PG&E Cuts Power to Oakmont for Much of Two Days

     Power was shut off to most Oakmont homes in the early morning of Tuesday, Sept 8 as part of what the utility calls a Public Service Power Shutdown to protect against wildfires during high winds and hot weather. Power was restored in most cases around mid-day on Wednesday, Sept. 9.

   Alerts in advance of the shutdowns were sent by email and texts to customers of PG&E who signed up for notification. 

   During the shutdown,, Oakmont Village Association opened a power recharging station in Room B, behind Umpqua Bank and adjacent to the OVA office so members could recharge their  mobile phones and other devices.

   A power generator OVA has purchased to provide emergency service to the Central Complex buildings was in place but not ready for service. The switching equipment needed to go to backup power from the generator arrived only a few days before the PSPS outage and wasn’t yet installed by the contractor. It was expected the generator should be ready for a subsequent power outage.

   Sonoma County restrictions under the COVID-19 pandemic will limit the number of people who could use recharging stations in the Berger Center or CAC. 

    Here is the PG&E news release issued ahead of the shutdown:

Amid Extreme Heat, Forecasted Offshore Dry Wind Event Means PG&E Might Need to Proactively Turn Off Power for Safety in Portions of 21 Counties, Mostly in the Sierra Foothills

PG&E is Notifying Customers Who Might Be Affected by the Public Safety Power Shutoff

State Grid Operator’s Flex Alert Remains in Effect, Calling for Power Conservation from 3 p.m. to 9 p.m.

SAN FRANCISCO – Pacific Gas and Electric Company (PG&E) continues to monitor a potentially widespread, strong and dry offshore wind event forecasted to start Monday evening and continue through midday Wednesday. Given the expected conditions, PG&E began its 24-hour advance notifications to customers in areas where PG&E may need to proactively turn off power for safety to reduce the risk of wildfire from energized power lines. PG&E is learning from past PSPS events, and this year will be making events smaller in size, shorter in length and smarter for customers.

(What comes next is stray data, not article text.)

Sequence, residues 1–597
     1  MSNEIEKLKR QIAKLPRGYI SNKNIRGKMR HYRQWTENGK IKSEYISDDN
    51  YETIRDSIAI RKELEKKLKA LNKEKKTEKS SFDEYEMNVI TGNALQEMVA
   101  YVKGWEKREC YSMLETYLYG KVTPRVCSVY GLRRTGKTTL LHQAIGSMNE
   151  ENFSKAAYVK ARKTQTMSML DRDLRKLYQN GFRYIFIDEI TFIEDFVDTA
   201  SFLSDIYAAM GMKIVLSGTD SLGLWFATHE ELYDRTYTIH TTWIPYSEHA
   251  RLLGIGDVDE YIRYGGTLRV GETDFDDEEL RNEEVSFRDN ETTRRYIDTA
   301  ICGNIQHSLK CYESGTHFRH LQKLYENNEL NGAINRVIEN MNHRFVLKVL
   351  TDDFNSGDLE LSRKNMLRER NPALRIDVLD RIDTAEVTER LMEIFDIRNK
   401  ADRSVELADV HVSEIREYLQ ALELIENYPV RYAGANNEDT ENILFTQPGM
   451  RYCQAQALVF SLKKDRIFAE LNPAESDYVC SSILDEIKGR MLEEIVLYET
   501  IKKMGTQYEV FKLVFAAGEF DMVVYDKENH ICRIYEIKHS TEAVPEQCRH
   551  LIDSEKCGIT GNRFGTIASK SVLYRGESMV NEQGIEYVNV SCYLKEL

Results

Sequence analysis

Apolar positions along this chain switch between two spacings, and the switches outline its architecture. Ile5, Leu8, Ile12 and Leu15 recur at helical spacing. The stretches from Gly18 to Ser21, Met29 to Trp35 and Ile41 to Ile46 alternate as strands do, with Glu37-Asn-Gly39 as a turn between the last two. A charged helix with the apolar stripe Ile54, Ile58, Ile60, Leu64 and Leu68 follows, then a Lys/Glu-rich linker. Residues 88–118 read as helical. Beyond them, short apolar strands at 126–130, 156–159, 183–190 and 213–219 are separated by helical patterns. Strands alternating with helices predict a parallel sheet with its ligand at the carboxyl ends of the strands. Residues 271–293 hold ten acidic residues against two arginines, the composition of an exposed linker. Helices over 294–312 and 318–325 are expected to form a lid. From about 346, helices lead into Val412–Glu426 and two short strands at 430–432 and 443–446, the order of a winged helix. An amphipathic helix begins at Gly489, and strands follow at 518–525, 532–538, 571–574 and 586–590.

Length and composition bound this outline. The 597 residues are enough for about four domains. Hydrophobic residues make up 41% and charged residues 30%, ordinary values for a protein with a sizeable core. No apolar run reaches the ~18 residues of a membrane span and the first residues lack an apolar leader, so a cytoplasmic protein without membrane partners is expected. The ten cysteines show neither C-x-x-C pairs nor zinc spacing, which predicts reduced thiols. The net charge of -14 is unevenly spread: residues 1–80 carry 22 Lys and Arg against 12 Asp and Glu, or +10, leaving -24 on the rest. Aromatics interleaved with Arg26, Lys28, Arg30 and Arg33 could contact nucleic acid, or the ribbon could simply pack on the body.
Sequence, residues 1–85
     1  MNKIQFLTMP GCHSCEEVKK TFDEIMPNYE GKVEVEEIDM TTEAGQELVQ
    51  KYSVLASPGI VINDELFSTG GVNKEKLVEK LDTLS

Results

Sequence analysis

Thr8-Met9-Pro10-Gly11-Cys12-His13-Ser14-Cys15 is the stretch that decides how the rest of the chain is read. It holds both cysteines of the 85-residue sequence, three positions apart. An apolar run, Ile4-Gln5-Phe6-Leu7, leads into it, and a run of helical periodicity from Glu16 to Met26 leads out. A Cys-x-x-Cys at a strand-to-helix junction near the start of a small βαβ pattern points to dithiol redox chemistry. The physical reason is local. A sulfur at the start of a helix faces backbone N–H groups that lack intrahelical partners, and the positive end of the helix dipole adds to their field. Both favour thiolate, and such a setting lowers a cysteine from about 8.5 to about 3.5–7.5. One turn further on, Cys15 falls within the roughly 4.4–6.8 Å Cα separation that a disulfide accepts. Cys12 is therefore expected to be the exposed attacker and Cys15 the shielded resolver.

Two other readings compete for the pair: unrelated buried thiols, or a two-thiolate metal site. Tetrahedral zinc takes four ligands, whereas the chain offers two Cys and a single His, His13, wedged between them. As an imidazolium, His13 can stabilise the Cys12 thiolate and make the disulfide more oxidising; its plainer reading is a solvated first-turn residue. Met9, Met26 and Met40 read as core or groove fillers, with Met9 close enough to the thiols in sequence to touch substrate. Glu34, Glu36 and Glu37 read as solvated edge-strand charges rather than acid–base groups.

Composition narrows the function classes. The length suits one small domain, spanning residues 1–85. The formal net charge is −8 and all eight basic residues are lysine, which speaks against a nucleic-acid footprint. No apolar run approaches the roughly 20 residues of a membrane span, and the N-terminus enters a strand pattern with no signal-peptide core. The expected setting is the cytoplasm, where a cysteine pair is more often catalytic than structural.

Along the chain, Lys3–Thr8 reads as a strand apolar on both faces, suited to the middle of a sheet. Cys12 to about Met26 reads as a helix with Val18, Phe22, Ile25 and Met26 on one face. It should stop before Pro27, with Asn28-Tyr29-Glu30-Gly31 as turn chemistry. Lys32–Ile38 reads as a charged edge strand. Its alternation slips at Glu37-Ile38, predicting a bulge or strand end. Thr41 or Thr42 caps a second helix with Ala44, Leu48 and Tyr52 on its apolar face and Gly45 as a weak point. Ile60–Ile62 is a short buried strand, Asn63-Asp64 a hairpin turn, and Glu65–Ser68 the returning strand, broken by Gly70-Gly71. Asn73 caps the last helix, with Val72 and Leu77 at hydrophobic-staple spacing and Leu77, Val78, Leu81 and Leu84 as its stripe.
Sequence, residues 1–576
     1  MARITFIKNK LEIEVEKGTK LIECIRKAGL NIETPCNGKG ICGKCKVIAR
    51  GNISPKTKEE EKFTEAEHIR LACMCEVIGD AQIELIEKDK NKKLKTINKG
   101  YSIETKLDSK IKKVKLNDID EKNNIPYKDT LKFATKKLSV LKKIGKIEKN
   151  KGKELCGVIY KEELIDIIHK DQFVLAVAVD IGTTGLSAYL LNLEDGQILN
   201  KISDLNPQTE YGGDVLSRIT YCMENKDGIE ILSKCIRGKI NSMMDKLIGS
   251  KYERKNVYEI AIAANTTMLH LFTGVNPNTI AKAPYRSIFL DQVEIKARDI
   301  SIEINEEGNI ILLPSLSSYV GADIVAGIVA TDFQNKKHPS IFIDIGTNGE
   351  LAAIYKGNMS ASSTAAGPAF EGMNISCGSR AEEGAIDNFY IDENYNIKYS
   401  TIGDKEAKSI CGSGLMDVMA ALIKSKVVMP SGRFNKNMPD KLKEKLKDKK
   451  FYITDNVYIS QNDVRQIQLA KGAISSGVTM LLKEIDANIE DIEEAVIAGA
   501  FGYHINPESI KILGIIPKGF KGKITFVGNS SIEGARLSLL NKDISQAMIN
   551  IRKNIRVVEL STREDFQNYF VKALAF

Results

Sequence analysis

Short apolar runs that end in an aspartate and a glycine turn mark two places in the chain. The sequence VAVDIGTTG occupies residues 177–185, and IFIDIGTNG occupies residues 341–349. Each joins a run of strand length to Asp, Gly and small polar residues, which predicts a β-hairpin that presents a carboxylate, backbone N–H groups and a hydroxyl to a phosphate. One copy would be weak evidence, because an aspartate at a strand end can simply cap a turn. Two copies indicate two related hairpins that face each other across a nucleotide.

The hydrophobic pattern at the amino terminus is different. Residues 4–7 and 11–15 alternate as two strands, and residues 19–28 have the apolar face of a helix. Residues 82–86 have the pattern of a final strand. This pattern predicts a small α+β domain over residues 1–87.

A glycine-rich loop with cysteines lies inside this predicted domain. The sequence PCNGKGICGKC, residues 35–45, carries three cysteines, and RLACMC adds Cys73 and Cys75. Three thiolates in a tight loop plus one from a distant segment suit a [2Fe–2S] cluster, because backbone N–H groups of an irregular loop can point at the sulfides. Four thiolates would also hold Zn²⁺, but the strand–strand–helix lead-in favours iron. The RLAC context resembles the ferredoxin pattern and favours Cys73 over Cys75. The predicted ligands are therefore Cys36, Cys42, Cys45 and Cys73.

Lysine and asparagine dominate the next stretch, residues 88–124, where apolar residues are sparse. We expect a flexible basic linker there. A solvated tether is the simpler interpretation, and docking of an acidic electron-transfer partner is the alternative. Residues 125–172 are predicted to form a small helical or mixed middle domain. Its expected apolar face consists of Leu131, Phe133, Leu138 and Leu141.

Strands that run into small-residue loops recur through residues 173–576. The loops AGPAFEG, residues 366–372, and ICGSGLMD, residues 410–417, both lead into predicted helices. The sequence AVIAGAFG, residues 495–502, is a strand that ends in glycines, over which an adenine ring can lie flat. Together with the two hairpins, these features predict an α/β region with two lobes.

Monday Flex Alert: Energy Conservation Needed 3 p.m. to 9 p.m.

The extreme weather is also increasing demand on the statewide electric grid. Separate from any Public Safety Power Shutoff (PSPS) event, the state’s grid operator has issued a Flex Alert, a voluntary call for energy conservation to help balance power supply with demand. That Flex Alert runs from 3 p.m. to 9 p.m. today. 

Potential Public Safety Power Shutoff to Start Monday

The potential PSPS starting Monday evening could impact approximately 158,000 customers in portions of 21 counties in the Sierra foothills and North Bay. Specifically, customers in portions of the following counties are being notified: Alpine, Amador, Butte, Calaveras, El Dorado, Humboldt, Kern, Lake, Mariposa, Napa, Nevada, Placer, Plumas, Shasta, Sierra, Siskiyou, Sonoma, Tehama, Trinity, Tuolumne and Yuba.

The potential PSPS event would not go into effect until late Monday evening. PG&E’s in-house meteorologists, as well as its Wildfire Safety Operation Center and Emergency Operations Center, continue to monitor conditions closely and additional customer notifications will be shared.

The scope of this event changed based on updated weather forecasts that showed the strengthening of the system, increasing the footprint of the expected wind pattern. 

Customer notifications—via text, email and automated phone call—began late Saturday afternoon, approximately 48 hours prior to the potential shutoff. Customers enrolled in the company’s Medical Baseline program who do not verify that they have received these important safety communications will be individually visited in person by a PG&E employee when possible. A primary focus will be given to customers who rely on electricity for critical life-sustaining equipment.

How customers can prepare for a PSPS

As part of PSPS preparedness efforts, PG&E suggests customers:

  • Plan for medical needs like medications that require refrigeration or devices that need power.
  • Identify backup charging methods for phones and keep hard copies of emergency numbers.
  • Build or restock your emergency kit with flashlights, fresh batteries, first aid supplies and cash.
  • Keep in mind family members who are elderly, younger children and pets.